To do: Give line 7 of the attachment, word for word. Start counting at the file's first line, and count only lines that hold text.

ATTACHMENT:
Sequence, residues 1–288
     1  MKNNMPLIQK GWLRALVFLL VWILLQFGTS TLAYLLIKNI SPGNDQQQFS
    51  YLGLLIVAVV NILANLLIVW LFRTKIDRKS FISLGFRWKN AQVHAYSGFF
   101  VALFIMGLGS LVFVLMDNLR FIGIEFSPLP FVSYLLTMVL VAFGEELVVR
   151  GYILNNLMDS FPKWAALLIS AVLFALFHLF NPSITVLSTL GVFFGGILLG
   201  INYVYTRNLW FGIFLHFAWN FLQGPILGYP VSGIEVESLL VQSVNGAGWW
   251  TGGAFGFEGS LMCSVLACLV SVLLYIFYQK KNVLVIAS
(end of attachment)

   251  TGGAFGFEGS LMCSVLACLV SVLLYIFYQK KNVLVIAS